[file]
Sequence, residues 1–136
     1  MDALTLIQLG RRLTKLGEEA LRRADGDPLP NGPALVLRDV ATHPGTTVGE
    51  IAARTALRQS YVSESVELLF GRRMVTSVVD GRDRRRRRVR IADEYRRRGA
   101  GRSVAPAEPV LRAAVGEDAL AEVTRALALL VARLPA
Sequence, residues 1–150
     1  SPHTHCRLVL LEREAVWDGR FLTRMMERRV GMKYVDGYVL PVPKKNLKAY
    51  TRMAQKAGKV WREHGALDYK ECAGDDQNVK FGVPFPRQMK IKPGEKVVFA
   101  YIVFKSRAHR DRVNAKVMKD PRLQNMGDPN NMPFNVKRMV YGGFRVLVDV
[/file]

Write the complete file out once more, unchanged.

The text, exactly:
Sequence, residues 1–136
     1  MDALTLIQLG RRLTKLGEEA LRRADGDPLP NGPALVLRDV ATHPGTTVGE
    51  IAARTALRQS YVSESVELLF GRRMVTSVVD GRDRRRRRVR IADEYRRRGA
   101  GRSVAPAEPV LRAAVGEDAL AEVTRALALL VARLPA
Sequence, residues 1–150
     1  SPHTHCRLVL LEREAVWDGR FLTRMMERRV GMKYVDGYVL PVPKKNLKAY
    51  TRMAQKAGKV WREHGALDYK ECAGDDQNVK FGVPFPRQMK IKPGEKVVFA
   101  YIVFKSRAHR DRVNAKVMKD PRLQNMGDPN NMPFNVKRMV YGGFRVLVDV